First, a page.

WASHINGTON -- A decades-long struggle between the world's two largest aircraft makers escalated into a trade war between the United States and Europe, just as France-based Airbus stepped up plans to challenge Boeing for lucrative US defense contracts.
US trade officials filed a complaint yesterday with the World Trade Organization, contesting what they say are unfair subsidies to Airbus by European governments.
The European Union quickly retaliated, filing its own complaint with the WTO challenging US tax breaks for Boeing.
Tension between the companies has escalated in recent years as Chicago-based Boeing and Airbus compete in a range of civilian and military aircraft markets.
Airbus's parent, Paris-based EADS, said it has acquired US military electronics company Racal Instruments Inc. for up to $130 million. EADS said the purchase would help gain a larger share of the US defense market, the world's largest.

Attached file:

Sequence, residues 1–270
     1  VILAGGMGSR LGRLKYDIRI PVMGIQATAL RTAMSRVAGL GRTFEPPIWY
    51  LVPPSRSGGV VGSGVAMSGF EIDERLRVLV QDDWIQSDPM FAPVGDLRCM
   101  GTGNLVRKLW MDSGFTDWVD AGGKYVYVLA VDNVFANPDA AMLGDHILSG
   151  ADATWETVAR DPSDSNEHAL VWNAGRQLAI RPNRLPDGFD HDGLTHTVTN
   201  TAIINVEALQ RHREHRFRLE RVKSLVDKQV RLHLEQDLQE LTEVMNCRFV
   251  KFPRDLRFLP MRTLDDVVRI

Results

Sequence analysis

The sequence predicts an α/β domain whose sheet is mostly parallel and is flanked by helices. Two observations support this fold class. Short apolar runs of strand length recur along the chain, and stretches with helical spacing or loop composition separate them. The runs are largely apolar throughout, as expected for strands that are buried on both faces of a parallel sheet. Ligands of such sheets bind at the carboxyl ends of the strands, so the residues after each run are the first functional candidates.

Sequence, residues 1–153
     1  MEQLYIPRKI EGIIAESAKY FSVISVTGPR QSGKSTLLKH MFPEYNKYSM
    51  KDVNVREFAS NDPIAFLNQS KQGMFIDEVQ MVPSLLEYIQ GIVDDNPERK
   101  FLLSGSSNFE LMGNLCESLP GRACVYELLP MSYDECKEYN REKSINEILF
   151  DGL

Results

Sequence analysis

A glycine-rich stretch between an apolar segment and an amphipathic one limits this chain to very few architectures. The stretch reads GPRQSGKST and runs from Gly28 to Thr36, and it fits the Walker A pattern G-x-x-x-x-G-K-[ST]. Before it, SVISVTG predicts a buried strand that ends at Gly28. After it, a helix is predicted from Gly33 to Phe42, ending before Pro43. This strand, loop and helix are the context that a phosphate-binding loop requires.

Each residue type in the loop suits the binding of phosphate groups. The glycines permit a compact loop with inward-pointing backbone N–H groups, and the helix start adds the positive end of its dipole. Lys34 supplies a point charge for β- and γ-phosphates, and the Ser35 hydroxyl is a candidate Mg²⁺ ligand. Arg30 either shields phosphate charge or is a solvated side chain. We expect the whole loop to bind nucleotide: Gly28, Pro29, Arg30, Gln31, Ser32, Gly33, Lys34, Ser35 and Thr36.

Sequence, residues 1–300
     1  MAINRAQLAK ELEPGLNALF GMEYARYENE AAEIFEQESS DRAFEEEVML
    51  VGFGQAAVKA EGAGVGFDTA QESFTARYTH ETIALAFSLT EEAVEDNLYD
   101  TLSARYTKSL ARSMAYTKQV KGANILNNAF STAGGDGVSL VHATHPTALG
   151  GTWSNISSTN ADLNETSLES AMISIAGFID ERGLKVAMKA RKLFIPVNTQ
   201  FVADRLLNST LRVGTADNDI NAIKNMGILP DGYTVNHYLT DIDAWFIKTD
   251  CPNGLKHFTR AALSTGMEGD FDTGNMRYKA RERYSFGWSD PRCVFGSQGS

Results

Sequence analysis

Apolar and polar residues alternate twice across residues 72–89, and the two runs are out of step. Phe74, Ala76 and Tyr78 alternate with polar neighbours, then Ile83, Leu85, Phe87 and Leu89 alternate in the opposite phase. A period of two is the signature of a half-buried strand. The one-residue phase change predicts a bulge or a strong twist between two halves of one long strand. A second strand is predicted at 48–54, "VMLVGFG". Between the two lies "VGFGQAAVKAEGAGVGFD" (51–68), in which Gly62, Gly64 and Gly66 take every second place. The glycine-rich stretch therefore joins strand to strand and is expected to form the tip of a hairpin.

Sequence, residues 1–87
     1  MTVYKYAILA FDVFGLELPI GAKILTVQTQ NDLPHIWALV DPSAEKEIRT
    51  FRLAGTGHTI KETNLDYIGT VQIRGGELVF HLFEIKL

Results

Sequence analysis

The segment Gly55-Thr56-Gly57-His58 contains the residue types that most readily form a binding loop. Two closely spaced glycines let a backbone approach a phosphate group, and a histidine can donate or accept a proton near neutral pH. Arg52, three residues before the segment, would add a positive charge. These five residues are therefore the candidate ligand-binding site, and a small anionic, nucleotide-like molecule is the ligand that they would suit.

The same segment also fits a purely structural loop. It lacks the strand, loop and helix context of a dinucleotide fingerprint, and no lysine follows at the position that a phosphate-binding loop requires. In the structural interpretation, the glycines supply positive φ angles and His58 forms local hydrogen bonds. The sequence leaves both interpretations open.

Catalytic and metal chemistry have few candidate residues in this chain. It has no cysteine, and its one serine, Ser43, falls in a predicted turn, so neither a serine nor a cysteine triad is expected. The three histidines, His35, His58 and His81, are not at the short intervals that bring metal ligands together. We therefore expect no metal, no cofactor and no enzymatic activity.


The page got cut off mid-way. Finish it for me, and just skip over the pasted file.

The company opened a Virginia-based defense subsidiary Monday and has scored several recent victories in the United States, including a $75 million contract this week to supply 55 patrol helicopters to the Homeland Security Department.
Citing that success, US officials say Airbus has grown into the market leader and no longer deserves government help. US officials claim Airbus has unfairly speeded up development of the A380 and other planes thanks to $15 billion in subsidies from Germany, France, Spain, and Britain.
But Europeans decry an estimated $3.2 billion in aerospace tax incentives by Washington state to help secure final assembly of Boeing's planned 7E7 Dreamliner in Everett, Wash.